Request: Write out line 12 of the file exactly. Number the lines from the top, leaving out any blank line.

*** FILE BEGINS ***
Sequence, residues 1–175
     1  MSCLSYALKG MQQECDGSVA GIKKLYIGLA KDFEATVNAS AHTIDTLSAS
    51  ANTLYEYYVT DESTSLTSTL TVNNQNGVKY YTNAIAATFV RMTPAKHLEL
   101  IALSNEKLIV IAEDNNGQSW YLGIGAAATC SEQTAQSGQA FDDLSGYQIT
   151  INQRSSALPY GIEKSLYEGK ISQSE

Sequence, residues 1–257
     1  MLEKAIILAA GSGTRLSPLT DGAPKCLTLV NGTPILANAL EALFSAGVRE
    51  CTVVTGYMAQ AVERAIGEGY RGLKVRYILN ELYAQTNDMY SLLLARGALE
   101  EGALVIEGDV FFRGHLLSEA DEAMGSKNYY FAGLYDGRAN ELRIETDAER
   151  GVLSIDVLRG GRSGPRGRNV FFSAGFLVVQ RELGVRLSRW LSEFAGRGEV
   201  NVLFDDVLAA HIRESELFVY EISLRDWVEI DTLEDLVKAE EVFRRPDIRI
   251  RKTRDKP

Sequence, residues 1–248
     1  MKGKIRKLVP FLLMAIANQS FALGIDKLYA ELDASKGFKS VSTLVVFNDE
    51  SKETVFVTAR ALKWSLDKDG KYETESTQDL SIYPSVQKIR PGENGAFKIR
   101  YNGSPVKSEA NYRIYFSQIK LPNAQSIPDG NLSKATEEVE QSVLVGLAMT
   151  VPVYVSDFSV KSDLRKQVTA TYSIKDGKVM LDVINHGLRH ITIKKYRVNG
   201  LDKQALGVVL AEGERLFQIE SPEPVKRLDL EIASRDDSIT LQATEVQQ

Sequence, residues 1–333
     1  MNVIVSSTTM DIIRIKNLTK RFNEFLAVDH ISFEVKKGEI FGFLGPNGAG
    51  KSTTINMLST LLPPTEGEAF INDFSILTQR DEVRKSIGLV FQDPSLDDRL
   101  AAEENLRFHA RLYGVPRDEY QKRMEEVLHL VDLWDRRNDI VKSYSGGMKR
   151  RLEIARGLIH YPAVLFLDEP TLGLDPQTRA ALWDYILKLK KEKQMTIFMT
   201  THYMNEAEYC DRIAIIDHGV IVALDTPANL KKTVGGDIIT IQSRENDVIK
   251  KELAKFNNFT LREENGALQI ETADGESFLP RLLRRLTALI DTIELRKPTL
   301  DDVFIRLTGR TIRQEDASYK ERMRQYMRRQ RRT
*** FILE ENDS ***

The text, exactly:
   251  RKTRDKP